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Home :: Archive :: 2009 :: July ::
Updating Shakespeare's Plays
The Shakespeare Conference: SHK 20.0414  Thursday, 30 July 2009

From:       Robert Projansky <
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Date:       Tuesday, 28 Jul 2009 03:29:23 -0700
Subject: 20.0402 Updating Shakespeare's Plays
Comment:    Re: SHK 20.0402 Updating Shakespeare's Plays

Sorry, but I think "updating" is Newspeak for what is routinely done to 
Shakespeare's plays. Using actresses, typing, modern sets, photocopied 
computer-edited scripts, e-mailed rehearsal schedules, recorded 
music/not-visible musicians, audio amplification, electric stage 
lighting, polyester-nylon-Velcro costumes, turntables, hairspray, video 
projections, dry ice, smoke machines, etc., etc., etc. -- that's 
updating, a whole brave new world of wonderful tools. But planting MND 
in a '70s disco or TS in 1915 Arizona is not "updating"; it is travesty, 
hubris, failure.

If you present "Death of a Salesman", nobody thinks it needs to be set 
in war-torn Kosovo or colonial Bombay or in any place or any time other 
than when and where Arthur Miller put it. So why does it seem necessary 
to so many directors to visit their abusive improvements upon 
Shakespeare? You can never force any of the plays into a director's 
alien place/time "concept" without doing some injury to the play. Trying 
to do Kosovo or colonialism or Vietnam or fascism or the antebellum 
south or the wild west or Wall Street or Miami and the mob just doesn't 
ever work. It can't work. Shakespeare's world is the warp and woof of 
his work. Sad to say, such conceptual hogwash is now the norm and 
Shakespeare played straight the aberration. Stacey Keach and everyone 
else in that DC production deserved a chance to do "King Lear", not 
"King Lear Dragged Mindlessly Into the Balkans". But, you say, you want 
to acknowledge some particular inhumanities of our own age on your 
stage? Great! Produce Caryl Churchill then, or Tony Kushner or Ariel 
Dorfman, but Balkan horrors don't belong in Shakespeare's "King Lear".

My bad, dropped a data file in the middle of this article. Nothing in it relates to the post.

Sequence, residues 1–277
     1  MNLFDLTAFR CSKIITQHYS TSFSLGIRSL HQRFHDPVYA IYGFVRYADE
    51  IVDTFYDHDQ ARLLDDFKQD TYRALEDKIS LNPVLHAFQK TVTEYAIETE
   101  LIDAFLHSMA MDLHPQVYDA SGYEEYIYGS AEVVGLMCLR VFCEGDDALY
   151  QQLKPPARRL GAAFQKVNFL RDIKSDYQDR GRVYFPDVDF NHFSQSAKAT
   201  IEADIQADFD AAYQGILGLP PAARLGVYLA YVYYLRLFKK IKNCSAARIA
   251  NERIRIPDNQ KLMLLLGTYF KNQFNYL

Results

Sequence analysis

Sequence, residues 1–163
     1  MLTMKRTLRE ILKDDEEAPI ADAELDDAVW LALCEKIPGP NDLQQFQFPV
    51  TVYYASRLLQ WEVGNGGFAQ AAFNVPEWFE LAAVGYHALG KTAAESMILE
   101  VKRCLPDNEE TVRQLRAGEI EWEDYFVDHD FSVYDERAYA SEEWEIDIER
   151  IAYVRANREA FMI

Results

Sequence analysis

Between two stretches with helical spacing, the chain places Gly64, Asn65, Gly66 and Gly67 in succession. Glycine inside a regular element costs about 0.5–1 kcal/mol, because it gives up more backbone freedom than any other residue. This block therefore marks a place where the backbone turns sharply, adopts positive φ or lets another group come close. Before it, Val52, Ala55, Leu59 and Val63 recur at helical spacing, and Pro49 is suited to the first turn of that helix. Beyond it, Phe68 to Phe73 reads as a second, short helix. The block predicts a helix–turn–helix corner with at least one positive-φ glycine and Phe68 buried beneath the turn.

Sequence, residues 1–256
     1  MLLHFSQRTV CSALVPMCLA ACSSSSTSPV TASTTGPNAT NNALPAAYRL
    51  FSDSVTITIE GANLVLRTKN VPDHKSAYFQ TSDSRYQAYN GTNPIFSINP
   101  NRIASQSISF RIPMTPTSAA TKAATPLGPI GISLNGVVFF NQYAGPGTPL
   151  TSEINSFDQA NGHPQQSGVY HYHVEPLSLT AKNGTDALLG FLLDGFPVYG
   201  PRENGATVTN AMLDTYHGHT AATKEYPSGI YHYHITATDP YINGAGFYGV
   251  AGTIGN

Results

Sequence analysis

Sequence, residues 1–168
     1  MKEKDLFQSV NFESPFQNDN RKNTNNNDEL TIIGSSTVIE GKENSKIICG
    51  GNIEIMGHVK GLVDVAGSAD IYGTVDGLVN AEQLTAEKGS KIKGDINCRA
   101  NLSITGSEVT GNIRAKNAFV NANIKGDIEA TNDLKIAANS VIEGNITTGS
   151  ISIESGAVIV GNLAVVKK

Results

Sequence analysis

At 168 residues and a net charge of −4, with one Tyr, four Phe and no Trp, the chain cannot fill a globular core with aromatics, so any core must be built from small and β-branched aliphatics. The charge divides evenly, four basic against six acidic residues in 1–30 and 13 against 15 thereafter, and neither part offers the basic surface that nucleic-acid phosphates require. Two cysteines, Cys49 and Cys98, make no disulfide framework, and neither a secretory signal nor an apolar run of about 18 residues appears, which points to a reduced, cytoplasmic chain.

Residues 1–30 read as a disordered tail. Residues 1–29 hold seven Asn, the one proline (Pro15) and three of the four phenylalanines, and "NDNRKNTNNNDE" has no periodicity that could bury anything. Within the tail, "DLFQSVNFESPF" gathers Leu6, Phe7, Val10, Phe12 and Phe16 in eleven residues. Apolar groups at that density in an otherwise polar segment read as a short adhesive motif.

I think these kinds of practices usually come either from directors' 
foolish ambitions (Watch clever ME breathe life into this boring old 
thing!) or out of an inappropriate lack of confidence in their audience 
(Dear old Shakespeare won't be enough; we'll have to give 'em boaters 
and seersucker and a brass band too). And sometimes the director just 
wants to see 1920s-30s silk gowns and evening dress onstage -- for no 
good reason.

The only non-period productions I have ever seen and thought a success 
have been low- or no-budget shows, essentially setless with abstract 
costuming (say, all in black but Desdemona in white). Among the best of 
these -- but hardly a low-end show -- was the RSC's MND I saw at the 
Brooklyn Academy of Music in 2000, directed by Michael Boyd. The 
all-white set made no attempt to be the Duke's palace or the forest. The 
costumes I remember were little more than ordinary rehearsal-style 
clothes. The high-energy show concentrated on the language and the 
action, with some brilliant use of props (and Hermia Thrown 
Astonishingly High and Far!), and it was very funny. Michael Boyd, 
however, did not try to force the play into another place and time; 
instead, his very stylish and stylized production scanted illusionistic 
stage elements in favor of visual abstraction that looked like no time 
or place at all. Although the background was different, the Duke's wood 
and the royal trappings and the fairy world, as they would have been 
four hundred years ago, were pretty much left to your imagination. A 
fantasy played as -- a fantasy. I loved it.

Shakespeare's plays present opportunity enough for any director to shine 
without resort to trying to jam the square peg of the play into a round 
hole of the director's choice. Directors who cannot see that shouldn't 
be directing Shakespeare (or maybe anything at all). They are missing a 
sure-fire high concept for success that is always right there in front 
of them:  Shakespeare is first of everything his language, so bring the 
play to life in the language and keep it moving, give them rousing 
fights and good music, and try to find all the comedy in the play. Can't 
miss. No body bags required.

Best to all,
Bob Projansky

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